Gamoran, Adam, Collares, Ana Cristina, & Barfels, Sarah
Does Exposure to Whites Help Blacks in the Long Run? Labor-Market Consequences of High School Racial Composition
University of Wisconsin-Madison
Assess labor-market consequences of high school racial composition.
Journal Name or Institutional Affiliation:
Paper Presented at the ASA, Philadelphia
- African American and other minority students who enrolled in high schools with higher proportions of White students tend to work in environments with more persons from dissimilar racial backgrounds.
- White students who attended schools with lower proportion Whites found themselves in less White-dominated workplaces - a perpetuation of racial mixing for Whites as well.
- While busing as a social policy may have helped African Americans find their ways to racially mixed workplaces, it did not appear to have this salutary effect for Whites.
- Racially mixed high schools may contribute modestly to racially mixed workplaces, but their power to promote economic inequality seems limited at best.
- Students' experiences of a school's racial environment may not be as simple as tallying the school's composition.
- School racial composition is unrelated to attainment of educational or occupational status, employment, or annual earnings.
- Find some support for perpetuation theory, but desegregation does not appear to be a powerful approach to promoting an integrated society.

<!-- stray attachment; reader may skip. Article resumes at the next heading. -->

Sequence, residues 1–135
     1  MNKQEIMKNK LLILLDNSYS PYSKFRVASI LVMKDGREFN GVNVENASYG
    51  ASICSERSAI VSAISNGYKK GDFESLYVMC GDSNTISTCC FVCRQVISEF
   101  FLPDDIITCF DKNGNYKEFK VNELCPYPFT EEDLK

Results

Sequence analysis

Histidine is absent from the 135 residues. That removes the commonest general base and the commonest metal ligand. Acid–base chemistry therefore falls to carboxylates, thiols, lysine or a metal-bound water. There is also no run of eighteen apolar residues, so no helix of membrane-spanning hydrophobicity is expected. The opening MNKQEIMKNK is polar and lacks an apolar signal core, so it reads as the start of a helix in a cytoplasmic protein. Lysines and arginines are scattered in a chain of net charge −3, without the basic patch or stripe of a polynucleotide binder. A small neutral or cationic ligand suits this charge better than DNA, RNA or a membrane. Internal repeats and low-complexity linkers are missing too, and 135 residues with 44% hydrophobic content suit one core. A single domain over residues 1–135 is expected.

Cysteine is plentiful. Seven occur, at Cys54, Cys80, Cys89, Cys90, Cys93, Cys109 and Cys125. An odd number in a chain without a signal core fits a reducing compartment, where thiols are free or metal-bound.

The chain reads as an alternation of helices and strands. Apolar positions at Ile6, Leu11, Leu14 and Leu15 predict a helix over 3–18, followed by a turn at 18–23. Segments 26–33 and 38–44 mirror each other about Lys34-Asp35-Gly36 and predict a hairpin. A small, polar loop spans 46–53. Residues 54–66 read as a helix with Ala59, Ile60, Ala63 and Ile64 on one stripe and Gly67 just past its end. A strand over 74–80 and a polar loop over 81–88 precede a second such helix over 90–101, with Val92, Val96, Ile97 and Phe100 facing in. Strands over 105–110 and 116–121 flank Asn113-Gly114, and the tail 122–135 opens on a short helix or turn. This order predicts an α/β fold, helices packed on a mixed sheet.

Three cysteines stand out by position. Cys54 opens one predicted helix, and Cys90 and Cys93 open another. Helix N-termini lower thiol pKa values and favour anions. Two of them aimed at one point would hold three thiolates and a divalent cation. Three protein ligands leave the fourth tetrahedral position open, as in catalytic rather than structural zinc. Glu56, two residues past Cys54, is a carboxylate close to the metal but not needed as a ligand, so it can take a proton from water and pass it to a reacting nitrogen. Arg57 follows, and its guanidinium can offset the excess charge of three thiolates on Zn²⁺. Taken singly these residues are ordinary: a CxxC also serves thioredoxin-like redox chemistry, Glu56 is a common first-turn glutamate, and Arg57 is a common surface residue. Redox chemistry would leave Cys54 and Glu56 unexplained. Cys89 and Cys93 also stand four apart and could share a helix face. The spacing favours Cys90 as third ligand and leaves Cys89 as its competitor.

Desegregation, Diversity, High School, Labor Market, Long Term Outcomes, Non Academic Outcomes, Occupational Outcomes, Outcomes, Perpetuation Theory
Method of Analysis:
Unit of Analysis:
- National Longitudinal Studies conducted by the U.S. Department of Education. High School & Beyond (HSB) interviews students in 1980 and follows them in 1982, 1984, 1986, and 1992.
- The National Educational Longitudinal Survey (NELS) followed up 15,000 students in 1992, 1994, and 2000.
- Analyze results for three sample of students: 1) HSB 1980 tenth graders, followed up in 1992; NELS 1990 tenth graders, followed up in 2000; and NELS 1988 eight graders, followed up in 2000.
- DV: Educational attainment, occupational status, annual earnings, percentage of people in your present workplace of your same race and ethnicity.
- IV: School level (proportion of White students in school, racial conflict, region of the country, private versus public, etc.), student-level (race, SES, race relations).